In this section, we describe the features and usage of RECOT. Python is required to run RECOT. We call the species from which the short reads were obtained the query species and the species to which the coordinates of the short reads will be transformed for comparison the target species.
The script “recot_extract.py” extract the gene region sequences with their 500-bp upstream sequences from the transcription start sites and downstream sequences from the 3′-end. The upstream and downstream lengths are defined in the configuration file. The query sequences need to be aligned to the target species genome to identify their corresponding regions (Figure1B). Because the output sequences of recot_extract.py are given in FASTA format, you can select a long sequence alignment tool, such as GMAP, BLAST, or BLAT. If you use BLAST or BLAT for this step, you will need to convert the output to SAM format.
In the alignment results, a target genome region may associate with multiple query gene sequences due to the existence of paralogous genes. To address the problem of such one-to-multi or multi-to-multi results in the query-to-target sequence alignments, we have prepared an optional script that can select sequence relations (1) that are prioritized by user-specified relationships between query and target genes by describing the relations in a text file and (2) highest alignment score, when query and target alignments are not reciprocally unique.
Next, the SAM file of the short reads mapped to the query species genome, using a short read alignment tool such as BWA or bowtie, are transformed according to the alignment relationships between the query and target genomes (Figure1C). For the transformation, we map the differences in the nucleotides between the two species, as calculated in the previous step, onto each read. To accomplish this task, we have prepared two scripts. The first script, “recot_combine.py”, generates temporary files that contain associations between the short read query species mapping positions and the corresponding positions of the target species. The second script, “recot_convert.py”, converts the mapping coordinates of the short reads to the query genome to the corresponding positions of the target genome and generates the transformed SAM file. Reads on the non-corresponding positions are regarded unmapped in the SAM file. The transformation of billions of reads by “recot_convert.py” may take several hours. To accelerate the process, recot_convert.py can run the transformation in parallel, using the job queueing system of Oracle (SUN) Grid Engine or Torque.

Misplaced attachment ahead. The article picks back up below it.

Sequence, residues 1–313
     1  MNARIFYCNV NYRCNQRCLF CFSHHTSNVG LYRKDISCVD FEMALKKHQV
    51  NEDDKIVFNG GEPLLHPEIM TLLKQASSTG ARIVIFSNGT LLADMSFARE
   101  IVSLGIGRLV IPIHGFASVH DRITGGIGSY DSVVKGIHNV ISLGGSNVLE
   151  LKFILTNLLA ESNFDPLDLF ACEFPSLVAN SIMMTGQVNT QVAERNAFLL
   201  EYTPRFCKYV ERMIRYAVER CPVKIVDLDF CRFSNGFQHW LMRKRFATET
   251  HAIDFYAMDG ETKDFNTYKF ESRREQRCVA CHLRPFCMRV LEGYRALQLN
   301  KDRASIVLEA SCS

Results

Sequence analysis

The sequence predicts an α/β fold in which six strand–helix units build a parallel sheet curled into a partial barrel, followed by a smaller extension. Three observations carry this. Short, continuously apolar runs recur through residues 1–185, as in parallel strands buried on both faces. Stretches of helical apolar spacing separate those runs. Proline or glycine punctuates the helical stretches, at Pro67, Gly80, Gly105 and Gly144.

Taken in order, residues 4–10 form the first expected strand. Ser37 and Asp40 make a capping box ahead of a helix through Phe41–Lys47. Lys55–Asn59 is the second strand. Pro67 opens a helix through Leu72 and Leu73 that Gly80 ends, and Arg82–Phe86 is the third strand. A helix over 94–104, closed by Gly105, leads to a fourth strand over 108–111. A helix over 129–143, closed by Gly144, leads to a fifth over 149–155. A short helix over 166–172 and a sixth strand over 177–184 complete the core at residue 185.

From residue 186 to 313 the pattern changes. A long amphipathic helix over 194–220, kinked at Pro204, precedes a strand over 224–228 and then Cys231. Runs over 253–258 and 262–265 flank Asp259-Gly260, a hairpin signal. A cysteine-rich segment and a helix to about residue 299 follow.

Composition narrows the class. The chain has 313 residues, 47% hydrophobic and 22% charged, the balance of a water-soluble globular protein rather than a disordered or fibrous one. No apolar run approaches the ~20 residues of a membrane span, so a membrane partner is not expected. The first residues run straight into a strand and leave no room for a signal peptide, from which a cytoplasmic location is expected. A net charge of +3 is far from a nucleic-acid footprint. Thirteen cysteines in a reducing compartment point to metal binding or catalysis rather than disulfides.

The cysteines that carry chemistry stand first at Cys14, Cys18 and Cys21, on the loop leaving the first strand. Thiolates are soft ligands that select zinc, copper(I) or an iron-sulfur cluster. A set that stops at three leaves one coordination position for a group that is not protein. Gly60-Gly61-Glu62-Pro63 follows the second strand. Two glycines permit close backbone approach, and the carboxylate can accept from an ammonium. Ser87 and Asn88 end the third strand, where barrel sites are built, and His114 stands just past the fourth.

These results can be visualized using genome browsers that can handle SAM format, such as IGV. Supplementary Figure1 is a screen shot of IGV in which ChIP-seq experiments in D. melanogaster and D. simulans are compared. The result shows the conservation of binding sites, even though the region contains short deletions and several single nucleotide polymorphisms.
RECOT can be used for species in which the genome sequence is unavailable. For these species, we first generate gene sequences using a transcriptome assembly tool such as Trinity, and we regard these sequences as genome sequences (we regard each gene/contig as a chromosome). The subsequent procedures are the same as the steps in Figure1.
We developed a set of programs to transform the coordinates of short reads between two species. Our tools can visualize the differences in the genome regions onto which the short reads are mapped between two genomes. Our tools are useful for comparative genomics and comparative transcriptomics between model and non-model organisms.
Availability and requirements
Project name: RECOT project
Project home page: http://sesejun.github.com/recot/
Operating systems: UNIX, Mac OS X and Windows
Programming language: Python
Other requirements: Python 2.5 or higher
Any restrictions to use by non-academics: no licenses are required